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CONTRIBUTION · 13th November 2012
Dave Cuthand
There are two questions that Europeans have had since they first came across Indians: "Who are these people, and what do we do with them?" They really have never answered either question.

First, how are we described? It's either the noble savage or the drunken Indian, with very little in between. The real people who live, work, laugh and love are somehow unknown.

How about what to do with us? They made treaties with First Nations across Western Canada but failed to follow up. Instead, we were warehoused on reserves, locked up in jails or boarding schools, and institutionalized.

Indian policy has been a policy of control, which brings me to the crossroads of today. Everyone agrees that the Indian Act is not a viable tool for the modern world, but First Nations people fear what results the changes being proposed will bring.

If the government seriously wants to make changes and amend the Indian Act, it will have to answer both questions. Who are we, and where are we going?

So far any proposed changes to the Indian Act have been cosmetic and fail to take the legislation into the 21st century. The Accountability Act is a diversion that will appeal to the Conservative base and get some First Nations leaders in a lather, but accountability should be a matter of course for all elected officials.

In fact, most First Nations routinely share financial information with band members. My First Nation holds an annual band meeting to release the audit statement and answer questions. Chief and council salaries also are made public.

The problem will be the clause stating that First Nations-owned businesses also must make their financial reports public. This is discriminatory and leaves these businesses vulnerable to snooping by competitors who aren't bound by the same rule.

I suspect the government will ram it through and later have to remove it after a successful court challenge.

It will be a waste of time and resources, but that's how things work in Ottawa these days. By focusing on a distraction, the government will be ignoring the reality of the First Nations-Canada relationship that exists both historically and in recent court decisions.

Both the Royal Proclamation of 1763 and the British North America Act of 1867 clearly lay out that "Indians" are a responsibility of the federal government. The Charter of Rights and Freedoms also recognizes and affirms our aboriginal and treaty rights. Since the charter was enacted in 1982, First Nations have won a series of court cases that have steadily fleshed out our treaty and aboriginal rights.

In order to finance the legal fees, First Nations had relied heavily on the federal court challenges program.

It should be seen as no fluke that when the Conservatives took office, one of their first acts was to axe this very important program.

When it comes to future legislation, the First Nations and the government are heading in opposite directions. First Nations see self-government and resource rights as the two most important building blocks in our future. Resource revenue sharing, and treaty rights linked to strong, accountable First Nations governments are the recipe for the future in Indian country.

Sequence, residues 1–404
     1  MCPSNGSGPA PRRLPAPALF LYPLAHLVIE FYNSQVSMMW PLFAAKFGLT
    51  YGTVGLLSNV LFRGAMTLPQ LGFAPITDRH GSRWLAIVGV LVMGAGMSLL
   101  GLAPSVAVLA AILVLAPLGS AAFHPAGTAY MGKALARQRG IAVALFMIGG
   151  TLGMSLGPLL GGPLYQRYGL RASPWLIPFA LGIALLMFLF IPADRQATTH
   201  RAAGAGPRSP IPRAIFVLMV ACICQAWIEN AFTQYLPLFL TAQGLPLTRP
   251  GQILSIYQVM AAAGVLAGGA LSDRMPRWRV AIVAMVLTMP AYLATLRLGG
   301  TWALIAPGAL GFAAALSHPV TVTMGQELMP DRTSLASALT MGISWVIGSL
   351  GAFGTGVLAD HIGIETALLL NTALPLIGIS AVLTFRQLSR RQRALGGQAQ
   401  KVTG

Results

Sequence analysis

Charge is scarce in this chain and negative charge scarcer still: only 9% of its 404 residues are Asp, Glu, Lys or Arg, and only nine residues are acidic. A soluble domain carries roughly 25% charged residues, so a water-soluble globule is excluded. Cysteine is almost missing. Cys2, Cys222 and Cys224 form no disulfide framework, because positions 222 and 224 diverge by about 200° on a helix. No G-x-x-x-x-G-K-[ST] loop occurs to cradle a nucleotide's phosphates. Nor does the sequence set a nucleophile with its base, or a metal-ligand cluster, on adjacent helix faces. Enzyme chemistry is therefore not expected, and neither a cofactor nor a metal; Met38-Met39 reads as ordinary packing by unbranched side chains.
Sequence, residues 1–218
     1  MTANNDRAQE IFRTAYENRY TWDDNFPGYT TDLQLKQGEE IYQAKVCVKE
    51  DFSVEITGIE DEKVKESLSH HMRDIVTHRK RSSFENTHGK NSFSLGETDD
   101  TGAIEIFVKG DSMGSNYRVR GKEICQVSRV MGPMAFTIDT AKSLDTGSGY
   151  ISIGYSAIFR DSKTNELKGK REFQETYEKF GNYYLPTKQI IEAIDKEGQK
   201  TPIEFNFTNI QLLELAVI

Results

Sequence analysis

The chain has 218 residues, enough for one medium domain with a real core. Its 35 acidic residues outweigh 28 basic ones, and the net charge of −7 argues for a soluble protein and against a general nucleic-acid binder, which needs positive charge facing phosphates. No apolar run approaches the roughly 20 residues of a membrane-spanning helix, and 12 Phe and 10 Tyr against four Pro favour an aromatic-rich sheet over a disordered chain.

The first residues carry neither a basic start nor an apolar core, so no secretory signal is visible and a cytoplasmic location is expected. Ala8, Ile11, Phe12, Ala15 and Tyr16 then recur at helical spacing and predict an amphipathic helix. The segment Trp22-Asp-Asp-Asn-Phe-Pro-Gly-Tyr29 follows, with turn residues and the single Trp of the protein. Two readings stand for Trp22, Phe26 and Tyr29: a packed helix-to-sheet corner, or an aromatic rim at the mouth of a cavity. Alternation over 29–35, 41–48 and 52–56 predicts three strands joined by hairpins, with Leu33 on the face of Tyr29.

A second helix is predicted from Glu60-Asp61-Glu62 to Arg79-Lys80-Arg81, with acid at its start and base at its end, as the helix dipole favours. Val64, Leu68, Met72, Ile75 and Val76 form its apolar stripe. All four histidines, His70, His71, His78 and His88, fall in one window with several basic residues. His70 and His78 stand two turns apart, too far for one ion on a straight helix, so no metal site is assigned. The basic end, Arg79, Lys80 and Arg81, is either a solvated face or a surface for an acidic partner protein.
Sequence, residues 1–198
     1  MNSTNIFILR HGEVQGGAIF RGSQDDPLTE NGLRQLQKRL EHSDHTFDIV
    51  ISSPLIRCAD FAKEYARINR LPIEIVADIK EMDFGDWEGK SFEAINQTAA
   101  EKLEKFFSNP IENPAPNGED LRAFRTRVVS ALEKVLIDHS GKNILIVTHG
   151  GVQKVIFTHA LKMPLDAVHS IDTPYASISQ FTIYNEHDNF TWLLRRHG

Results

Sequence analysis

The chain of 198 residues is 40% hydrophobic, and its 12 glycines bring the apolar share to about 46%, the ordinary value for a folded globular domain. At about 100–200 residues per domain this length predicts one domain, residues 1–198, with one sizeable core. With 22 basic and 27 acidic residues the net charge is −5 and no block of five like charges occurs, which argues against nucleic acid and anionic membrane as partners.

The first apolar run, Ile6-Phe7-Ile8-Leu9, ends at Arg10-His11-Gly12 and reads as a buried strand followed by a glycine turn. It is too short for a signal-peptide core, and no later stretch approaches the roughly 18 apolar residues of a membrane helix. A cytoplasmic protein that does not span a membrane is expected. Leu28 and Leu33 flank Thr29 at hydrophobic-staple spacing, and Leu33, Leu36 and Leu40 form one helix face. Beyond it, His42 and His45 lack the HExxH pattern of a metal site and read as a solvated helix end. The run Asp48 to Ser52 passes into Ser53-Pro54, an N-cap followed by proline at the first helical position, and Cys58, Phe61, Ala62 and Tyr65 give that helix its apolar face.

The federal government, however, is continuing with the outdated policy of control over First Nations. Through such initiatives as the privatization of First Nations land, it wants to take us in the direction of destruction. Other legislation will lead to making municipalities out of our first Nations governments.

First Nations are in a powerful position. We have a strong base of legal opinion on our side. The Supreme Court has ruled that governments have a duty to consult First Nations about any changes that affect them.

In his book Resource Rulers, author and lawyer Bill Gallagher points out that since the charter recognized the existence of First Nations treaty and aboriginal rights, we have been on a winning streak. At last count there have been 170 court rulings in our favour. The legal landscape has experienced a seismic shift, and we now need the legislative framework to build on the rulings.

This fact has been conveniently ignored by the federal government. Its Accountability Act and "municipal" point of view is nothing new for federal policy on Indians. It is a move back to the 1950s at a time when we should be looking at the long term and what we need to get to the 2050s

This is a fight that the government only can win through brute force. Already, Aboriginal Affairs Minister John Duncan is on the record stating that if First Nations fail to knuckle under to his Accountability Act, he will withhold funding; this for a piece of legislation that hasn't even been debated.

First Nations policy for the Harper Conservatives is their way or the doorway. In the long term, both democracy and the law are on the side of First Nations.

see story here
Not a winning streak
Comment by Janice G.A.E. Switlo on 14th November 2012
Those "170 decisions" shape the new domestic, ethnic minority, Aboriginal Canadians. I vehemently disgree that this is a winning streak, "voluntarily" led to the final solution.